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The Historia Selebiensis Monasterii is an account of the origins of the earliest Norman abbey to be founded in the north of England following the Conquest of 1066, and of the history of the monastery in its first one hundred and six years. The history was written by a young monk of Selby in 1174, and the unique medieval manuscript in which it survives appears to have been sent from Selby to the French monastery of Auxerre, from where the author claimed the founder-monk of Selby came. Weaving together historical narrative and miracles associated with the relic held at Selby Abbey, the middle finger of St Germanus of Auxerre, the author produced a lively and entertaining account designed to record the history of his monastery and promote the cult of the relic around which it had grown up. At the same time he created a past, and a corporate memory of that past, for his community. This volume contains a critical edition of the Historia, with English translation, and textual notes and historical commentary. The Introduction explores the dynamics of the text - its purpose, composition, and use of sources - and its significance as a source for monastic history. It offers a reassessment of the origins of the first Norman abbey in northern England.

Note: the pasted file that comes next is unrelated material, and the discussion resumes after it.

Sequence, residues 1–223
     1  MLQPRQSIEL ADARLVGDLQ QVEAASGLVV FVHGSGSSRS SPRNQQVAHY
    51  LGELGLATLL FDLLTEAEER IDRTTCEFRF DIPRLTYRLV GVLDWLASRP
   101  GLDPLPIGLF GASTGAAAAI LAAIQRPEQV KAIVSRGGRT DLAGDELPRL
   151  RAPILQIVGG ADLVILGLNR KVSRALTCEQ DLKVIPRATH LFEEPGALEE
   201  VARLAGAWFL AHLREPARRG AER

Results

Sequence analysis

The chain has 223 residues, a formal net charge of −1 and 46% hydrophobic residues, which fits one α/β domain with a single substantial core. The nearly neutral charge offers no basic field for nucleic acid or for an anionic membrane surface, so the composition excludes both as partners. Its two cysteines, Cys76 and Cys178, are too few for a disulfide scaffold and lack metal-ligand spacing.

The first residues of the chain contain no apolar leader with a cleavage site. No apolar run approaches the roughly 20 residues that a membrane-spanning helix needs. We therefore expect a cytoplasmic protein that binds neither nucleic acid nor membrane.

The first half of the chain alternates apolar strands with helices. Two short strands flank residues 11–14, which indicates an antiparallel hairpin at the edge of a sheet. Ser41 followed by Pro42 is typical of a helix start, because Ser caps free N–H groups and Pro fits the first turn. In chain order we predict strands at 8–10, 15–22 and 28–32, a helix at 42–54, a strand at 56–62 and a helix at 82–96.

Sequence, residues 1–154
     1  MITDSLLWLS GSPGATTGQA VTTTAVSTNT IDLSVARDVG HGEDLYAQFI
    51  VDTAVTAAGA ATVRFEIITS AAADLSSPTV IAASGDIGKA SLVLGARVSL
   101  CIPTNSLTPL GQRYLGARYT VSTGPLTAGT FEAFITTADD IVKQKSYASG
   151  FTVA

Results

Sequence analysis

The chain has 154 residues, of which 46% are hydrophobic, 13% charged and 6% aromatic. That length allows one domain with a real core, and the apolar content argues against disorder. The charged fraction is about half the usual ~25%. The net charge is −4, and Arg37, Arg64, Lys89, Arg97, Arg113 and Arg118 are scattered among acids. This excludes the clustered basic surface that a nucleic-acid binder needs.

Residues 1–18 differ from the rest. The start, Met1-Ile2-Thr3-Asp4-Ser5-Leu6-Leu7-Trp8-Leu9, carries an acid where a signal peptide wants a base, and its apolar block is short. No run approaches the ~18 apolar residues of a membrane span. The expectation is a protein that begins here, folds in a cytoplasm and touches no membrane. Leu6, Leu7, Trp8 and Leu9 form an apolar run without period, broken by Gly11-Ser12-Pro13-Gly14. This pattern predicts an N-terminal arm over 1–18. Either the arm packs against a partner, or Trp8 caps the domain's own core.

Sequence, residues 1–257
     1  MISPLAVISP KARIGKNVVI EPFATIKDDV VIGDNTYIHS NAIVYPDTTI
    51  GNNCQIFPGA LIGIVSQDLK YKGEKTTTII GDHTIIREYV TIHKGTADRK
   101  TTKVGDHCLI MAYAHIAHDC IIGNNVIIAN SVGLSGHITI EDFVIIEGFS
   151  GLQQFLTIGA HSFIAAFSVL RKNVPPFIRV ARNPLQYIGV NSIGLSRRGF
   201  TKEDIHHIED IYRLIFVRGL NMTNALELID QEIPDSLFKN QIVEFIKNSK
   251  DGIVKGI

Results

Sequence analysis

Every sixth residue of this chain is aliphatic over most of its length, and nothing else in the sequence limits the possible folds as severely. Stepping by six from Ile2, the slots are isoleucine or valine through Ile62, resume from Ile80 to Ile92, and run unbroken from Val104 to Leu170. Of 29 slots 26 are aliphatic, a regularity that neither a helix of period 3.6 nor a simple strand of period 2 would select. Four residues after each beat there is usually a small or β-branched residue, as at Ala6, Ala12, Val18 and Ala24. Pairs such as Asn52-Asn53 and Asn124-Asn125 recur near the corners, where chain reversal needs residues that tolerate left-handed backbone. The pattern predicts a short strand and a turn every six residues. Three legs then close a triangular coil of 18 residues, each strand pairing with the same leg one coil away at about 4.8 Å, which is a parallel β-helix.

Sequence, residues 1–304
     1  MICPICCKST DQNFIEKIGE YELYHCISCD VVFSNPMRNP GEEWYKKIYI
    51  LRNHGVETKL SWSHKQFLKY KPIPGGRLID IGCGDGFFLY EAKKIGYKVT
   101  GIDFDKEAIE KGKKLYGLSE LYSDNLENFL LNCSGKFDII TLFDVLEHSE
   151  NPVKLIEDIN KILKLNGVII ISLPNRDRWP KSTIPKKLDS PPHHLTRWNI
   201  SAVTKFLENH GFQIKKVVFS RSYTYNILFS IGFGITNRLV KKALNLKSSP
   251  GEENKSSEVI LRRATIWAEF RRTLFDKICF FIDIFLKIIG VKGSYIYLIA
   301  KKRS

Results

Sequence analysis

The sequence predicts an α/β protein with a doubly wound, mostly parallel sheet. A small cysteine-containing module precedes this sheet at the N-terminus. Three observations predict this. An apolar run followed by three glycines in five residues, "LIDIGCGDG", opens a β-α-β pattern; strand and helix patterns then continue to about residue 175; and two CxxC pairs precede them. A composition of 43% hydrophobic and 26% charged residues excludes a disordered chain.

Janet Burton gained her BA at the University of London and her DPhil at the University of York before moving to Wales, where she is now Professor of Medieval History in the School of Archaeology, History, and Anthropology at University of Wales: Trinity Saint David. She is the author of books, articles, and papers on monastic history, many of her publications being focussed on the north of England. She is co-director of the 'Monastic Wales' project, and one of the two general editors of the Journal of Medieval Monastic Studies.
Table of Contents
Introduction 1. The Historia Selebiensis monasterii 2. St Germanus, Auxerre, and the foundation of Selby Abbey 3. Selby and the Kings of England 4. Selby in its Monastic Context 5. Selby in its Local Context 6. The Miracles 7. The Historia Selebiensis monasterii: sources 8. The Selby Monk and his Audience 9. Editorial Method Text and translation List of sources Bibliography